Thursday, April 22, 2004

Higher education lock-out

crossposted at The American Street
Certainly there hasn't been a lot of media attention on this topic but the grim reality is that the Bush policies have made it much more difficult for our kids to attend college.

Looking at the excellent but depressing summaries at the Center for American Progress, the DNC, American Council on Education, and Senator Kerry's site, my quick take:

1. Tuition costs have risen dramatically during these Bush years; whatever the specific numbers, these percentages are high. According to the Center for American Progress figures, it's risen 28% overall. The DNC site estimates that costs for 4 year colleges have risen 35% during the Bush years. Since states have been struggling with deficits, the inevitable side-effect is that college funding has been cut drastically in many states. The DNC special report on higher ed notes that tuition costs have risen in 49 out of 50 states in 2003.

2. Bush has betrayed college students by reneging on his campaign promise to increase Pell grant funding. In fact, Pell grant program cuts out over 8,000 students in the 2005 budget. Wonderful.

3. Pell grants aren't the only thing cut from the budget; this next year's education budget provides less money for higher education. The American Council on Education finds that next year's proposed Bush education budget shortchanges higher ed, cutting out 38 programs completely.

4. Bush plans are to make it even harder for students to attend college. Case in point: student loans. When students and families are getting into record debt to pay for college, the Republicans have plans to change the interest rate structure on student loans, meaning higher payments for college graduates. Paperwight provides a thoughtful discussion on student loans.

5. While families need to spend a record amount of money out of their budget to pay for education, many more cannot afford college for their kids. According to John Kerry, 220,000 students have been priced out of college this year. Some states have been hit harder than others; his campaign compiled this estimate of numbers of students who were unable to attend college:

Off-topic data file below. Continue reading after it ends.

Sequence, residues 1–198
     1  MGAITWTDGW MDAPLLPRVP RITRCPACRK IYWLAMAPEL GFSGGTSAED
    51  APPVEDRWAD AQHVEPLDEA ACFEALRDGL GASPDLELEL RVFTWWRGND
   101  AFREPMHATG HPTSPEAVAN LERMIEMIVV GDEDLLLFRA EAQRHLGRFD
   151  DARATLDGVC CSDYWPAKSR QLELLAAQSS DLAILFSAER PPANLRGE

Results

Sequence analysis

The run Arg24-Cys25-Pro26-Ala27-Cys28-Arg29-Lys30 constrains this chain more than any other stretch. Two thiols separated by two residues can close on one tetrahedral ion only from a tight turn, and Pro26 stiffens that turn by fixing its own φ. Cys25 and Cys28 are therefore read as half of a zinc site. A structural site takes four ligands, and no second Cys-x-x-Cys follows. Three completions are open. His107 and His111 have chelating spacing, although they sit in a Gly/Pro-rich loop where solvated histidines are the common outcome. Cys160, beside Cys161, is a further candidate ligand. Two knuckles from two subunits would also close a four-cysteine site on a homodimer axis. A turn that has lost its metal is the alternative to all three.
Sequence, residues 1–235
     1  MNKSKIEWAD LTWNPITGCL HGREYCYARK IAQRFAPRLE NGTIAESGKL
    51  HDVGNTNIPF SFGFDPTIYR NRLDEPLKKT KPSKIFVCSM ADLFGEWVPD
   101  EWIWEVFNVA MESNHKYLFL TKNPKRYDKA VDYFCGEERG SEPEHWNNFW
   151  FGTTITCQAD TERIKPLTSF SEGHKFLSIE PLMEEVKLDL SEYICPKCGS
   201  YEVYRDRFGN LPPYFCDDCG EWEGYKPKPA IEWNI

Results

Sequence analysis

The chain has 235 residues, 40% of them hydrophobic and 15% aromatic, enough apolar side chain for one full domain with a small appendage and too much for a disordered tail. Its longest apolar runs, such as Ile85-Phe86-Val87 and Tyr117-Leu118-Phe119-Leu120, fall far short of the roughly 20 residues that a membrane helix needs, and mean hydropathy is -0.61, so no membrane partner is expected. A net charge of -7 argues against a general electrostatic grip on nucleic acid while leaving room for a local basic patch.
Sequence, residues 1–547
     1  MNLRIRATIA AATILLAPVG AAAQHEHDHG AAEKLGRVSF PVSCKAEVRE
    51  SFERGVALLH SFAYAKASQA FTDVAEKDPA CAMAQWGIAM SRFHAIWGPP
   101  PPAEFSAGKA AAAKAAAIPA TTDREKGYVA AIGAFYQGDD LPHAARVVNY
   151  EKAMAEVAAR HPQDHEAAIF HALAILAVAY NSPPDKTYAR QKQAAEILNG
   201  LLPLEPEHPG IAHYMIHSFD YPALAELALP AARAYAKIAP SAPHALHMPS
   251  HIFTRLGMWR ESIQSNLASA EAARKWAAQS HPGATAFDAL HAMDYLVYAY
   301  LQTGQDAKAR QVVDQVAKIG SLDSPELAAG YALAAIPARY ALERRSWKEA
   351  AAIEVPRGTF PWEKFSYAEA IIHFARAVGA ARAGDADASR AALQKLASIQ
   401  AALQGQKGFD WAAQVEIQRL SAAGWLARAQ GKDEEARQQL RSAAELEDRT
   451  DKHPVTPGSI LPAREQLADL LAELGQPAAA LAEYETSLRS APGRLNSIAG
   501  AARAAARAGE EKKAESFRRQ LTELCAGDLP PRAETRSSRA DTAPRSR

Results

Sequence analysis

Ohio 19,940
    California 16,238
    Pennsylvania 14,325
    Indiana 10,950
    Texas, 10,700
    Michigan 10,604
    New Jersey 8,884
    South Carolina 8,714
    Illinois 8,577
    Minnesota 8,222

For those who want help, it won't happen with the current regime in power. If anything, the prognosis looks like it'll only get worse. It's clear that this administration does not value funding higher education. Maybe they just want colleges to be just for the wealthy.

Kerry has responded with a new college assistance plan. He's been busy campaigning at college campuses recently.

College access has always been considered one major doorway to achieving a better life. Closing these doors only increases societal inequality. Even with a kindergartener at home who is a few years away from college, I'm concerned. This trend to close off college access is enough to scare the wits out of any non-rich parent who wants their kids to attend college. Needless to say, it'll only get worse without a regime change. Let's get this information out to the college age kids and their parents in time for the vote in November.

Center for American Progress
John Kerry on higher education
American Council on Education
National Center for Public Policy and Higher Education